Mycoheterotrophic Plants

How many of them are there?

Obolaria and Bartonia

Additionally to the species listed here, two more genera of the Gentianaceae are also considered to be partially mycoheterotrophic. Obolaria virginica is the only species in its genus, having scale like leaves at the lower stem which become bigger to spathulate-obdeltoid leaves towards the inflorescence. The fleshy stem and the leaves are purplish-green. The roots, however, are coralloid like many of the Voyria species and mycorrhizal (Gilg, 1895, Holm 1897, Gillett 1959, Wood and Weaver 1982).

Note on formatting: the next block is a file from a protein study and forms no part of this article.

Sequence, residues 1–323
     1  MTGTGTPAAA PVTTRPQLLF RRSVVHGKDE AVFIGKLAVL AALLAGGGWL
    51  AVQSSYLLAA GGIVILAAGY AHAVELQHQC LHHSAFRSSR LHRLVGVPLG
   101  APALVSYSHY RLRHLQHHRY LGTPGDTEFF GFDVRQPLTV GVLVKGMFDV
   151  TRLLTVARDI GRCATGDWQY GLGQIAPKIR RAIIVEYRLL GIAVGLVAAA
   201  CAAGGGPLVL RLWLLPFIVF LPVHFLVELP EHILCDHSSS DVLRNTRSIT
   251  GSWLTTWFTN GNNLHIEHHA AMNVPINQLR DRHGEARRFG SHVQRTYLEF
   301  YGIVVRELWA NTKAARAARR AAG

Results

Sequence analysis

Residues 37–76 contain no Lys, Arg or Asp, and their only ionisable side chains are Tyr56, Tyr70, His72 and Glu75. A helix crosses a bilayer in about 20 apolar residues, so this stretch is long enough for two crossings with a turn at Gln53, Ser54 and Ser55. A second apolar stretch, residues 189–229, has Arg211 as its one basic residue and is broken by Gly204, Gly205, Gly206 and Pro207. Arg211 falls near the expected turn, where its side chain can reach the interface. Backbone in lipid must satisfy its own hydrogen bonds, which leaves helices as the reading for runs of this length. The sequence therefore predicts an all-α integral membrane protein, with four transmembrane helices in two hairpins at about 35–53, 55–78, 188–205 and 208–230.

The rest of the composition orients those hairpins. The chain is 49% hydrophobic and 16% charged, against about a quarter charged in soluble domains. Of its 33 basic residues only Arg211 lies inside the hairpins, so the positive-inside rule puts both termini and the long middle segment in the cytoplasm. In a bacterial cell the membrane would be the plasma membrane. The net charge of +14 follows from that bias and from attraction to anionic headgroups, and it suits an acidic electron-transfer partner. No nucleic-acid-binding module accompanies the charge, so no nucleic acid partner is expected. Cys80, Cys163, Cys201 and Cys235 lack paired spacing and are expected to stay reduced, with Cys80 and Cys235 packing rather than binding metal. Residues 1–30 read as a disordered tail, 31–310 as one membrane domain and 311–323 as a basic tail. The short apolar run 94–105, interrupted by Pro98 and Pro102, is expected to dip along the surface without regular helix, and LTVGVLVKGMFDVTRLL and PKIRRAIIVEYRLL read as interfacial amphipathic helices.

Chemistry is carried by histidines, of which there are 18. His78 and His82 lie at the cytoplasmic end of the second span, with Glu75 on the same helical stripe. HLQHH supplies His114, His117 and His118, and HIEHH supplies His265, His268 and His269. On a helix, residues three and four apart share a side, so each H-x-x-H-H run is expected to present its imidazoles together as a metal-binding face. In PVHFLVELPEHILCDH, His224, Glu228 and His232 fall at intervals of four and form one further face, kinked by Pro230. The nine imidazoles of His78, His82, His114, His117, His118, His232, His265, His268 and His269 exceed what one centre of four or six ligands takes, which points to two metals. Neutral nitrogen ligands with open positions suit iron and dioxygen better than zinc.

Bartonia comprises four species, B. virginica, B. verna, B. paniculata, the latter of which has two subspecies (Gillett 1959), and B texana (Correll 1966). All species have only scale leaves but an overall green appearance. In contrast to Obolaria virginica the Bartonia species are more delicate plants. However, also Bartonia has a fleshy, sparsely branched and mycorrhizal root system (Holm 1906).

Scratchpads developed and conceived by (alphabetical): Ed Baker, Katherine Bouton Alice Heaton Dimitris Koureas, Laurence Livermore, Dave Roberts, Simon Rycroft, Ben Scott, Vince Smith